Any Thoughts?


Having problems leavening the dough.... Left in fridge overnight, left out in the morning.
My starter was bubbling away nicely prior, but did not aerate the bread sufficiently.
GULP!! Had to add very small quantity of yeast to get it moving. Sorry.
This sourdough caper is completely addictive yet incredibly frustrating!!
On the plus side - Crust / flavour magnificent.
Recipe I found in forums from Dan Lepard catersearch masterclass.


[size=18]I am in awe of some of the bread I've seen on this site! Well done everybody![/size]

167 users have voted.


TeckPoh's picture
TeckPoh 2006 November 12

Welcome, Burls! Greetings from M'sia. Where do you hail from? Nice bread! You've come to the right place....we're all addicts...of good bread.

Would need some details on your fermentation/proving times. At what stage did you add the yeast? Did you give your bread ample chance to perform? If your starter is bubbling, I don't see why it won't work on its own.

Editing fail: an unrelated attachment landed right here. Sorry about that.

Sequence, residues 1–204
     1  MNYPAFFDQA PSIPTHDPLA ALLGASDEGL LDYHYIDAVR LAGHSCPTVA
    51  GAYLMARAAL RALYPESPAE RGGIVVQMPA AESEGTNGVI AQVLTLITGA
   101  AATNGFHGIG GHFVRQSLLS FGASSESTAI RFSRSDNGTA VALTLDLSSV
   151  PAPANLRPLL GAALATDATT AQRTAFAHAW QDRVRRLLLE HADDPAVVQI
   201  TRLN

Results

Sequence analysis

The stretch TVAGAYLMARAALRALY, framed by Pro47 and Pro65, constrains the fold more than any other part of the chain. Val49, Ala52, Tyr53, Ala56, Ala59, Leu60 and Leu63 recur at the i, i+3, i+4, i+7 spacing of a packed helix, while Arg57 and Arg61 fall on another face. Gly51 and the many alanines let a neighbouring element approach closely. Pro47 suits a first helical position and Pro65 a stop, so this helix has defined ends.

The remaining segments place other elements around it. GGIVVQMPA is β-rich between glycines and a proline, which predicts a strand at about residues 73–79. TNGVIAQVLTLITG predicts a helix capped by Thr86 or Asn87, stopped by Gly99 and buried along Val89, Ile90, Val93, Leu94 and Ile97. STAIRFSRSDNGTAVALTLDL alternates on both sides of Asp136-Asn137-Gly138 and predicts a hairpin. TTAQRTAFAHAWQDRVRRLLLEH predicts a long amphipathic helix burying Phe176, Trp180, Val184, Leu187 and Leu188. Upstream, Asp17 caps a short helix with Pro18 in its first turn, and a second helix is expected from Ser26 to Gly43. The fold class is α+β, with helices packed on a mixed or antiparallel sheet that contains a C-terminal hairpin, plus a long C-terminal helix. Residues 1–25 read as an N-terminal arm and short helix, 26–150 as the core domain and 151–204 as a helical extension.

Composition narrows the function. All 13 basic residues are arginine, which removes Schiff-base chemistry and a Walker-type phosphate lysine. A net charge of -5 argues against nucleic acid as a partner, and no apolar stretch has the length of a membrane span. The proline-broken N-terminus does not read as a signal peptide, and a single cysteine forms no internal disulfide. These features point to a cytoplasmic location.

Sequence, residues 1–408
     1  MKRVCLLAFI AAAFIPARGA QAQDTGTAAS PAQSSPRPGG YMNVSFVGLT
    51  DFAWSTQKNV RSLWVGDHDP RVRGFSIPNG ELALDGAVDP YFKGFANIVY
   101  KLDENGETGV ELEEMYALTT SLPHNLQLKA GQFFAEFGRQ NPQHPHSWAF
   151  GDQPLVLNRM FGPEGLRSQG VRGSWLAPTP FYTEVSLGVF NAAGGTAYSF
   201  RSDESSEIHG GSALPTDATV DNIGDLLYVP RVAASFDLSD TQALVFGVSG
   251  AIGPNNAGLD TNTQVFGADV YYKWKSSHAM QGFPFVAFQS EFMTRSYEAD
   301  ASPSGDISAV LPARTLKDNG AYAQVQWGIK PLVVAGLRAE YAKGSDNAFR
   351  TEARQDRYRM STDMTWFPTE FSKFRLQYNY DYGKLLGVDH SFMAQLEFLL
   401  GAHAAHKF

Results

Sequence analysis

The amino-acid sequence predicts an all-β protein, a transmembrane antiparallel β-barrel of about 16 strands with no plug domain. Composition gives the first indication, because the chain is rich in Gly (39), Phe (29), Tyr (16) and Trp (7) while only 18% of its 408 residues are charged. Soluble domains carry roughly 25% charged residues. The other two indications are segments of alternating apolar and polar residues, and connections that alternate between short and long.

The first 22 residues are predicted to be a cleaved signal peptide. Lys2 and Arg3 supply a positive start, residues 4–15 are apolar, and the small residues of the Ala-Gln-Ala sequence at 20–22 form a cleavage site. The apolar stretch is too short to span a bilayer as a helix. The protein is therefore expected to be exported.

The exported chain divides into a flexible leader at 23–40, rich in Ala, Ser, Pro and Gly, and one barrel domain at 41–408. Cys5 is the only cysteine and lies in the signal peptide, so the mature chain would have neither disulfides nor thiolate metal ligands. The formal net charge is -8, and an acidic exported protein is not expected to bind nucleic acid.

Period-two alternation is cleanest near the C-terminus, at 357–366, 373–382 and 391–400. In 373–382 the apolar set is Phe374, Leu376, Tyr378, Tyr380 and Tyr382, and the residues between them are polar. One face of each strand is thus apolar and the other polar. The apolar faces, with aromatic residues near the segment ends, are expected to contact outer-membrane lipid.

SourDom 2006 November 12


welcome, and well done - your loaf looks great.
There is no need to apologise for using yeast. Most of the sourdough loaves that you can buy are actually hybrids.
You will get better flavour from a pure sourdough loaf, and I would encourage you to perservere with it. As TP suggests - give us a few more details and we will see what we can do to help


nina 2006 November 12

Welcome! That bread looks very good and tasty.

When I put my dough in the fridge for bulkfermentation in the evening it usually won't have risen very much in the morning. That doesn't mean it isn't active though! Usually I let it sit in the fridge for longer, say 18-20-22 hours and it will have doubled in size.
There's no problem in removing it from the fridge earlier than that, but it might need an hour or two at room temperature before you shape it.

SourDom taught me a nice trick that I often use:
To know how long to prove your dough - this is what I have been doing (thanks to Dan): (...) Scoop/tip it out of the bowl onto a lightly floured surface - before you poke or disturb the dough very much - slash the top rapidly with a very sharp knife. (...) What you will find is that when the dough is ready it will have a rich network of tiny bubbles honeycombed below the surface of the dough.

If you see only a few bubbles you'll need to leave the dough for another hour at room temperature before you check again. This is a great way to see how much fermentation has been going on, much more accurate that looking at how much the dough has increased in size.
Good luck

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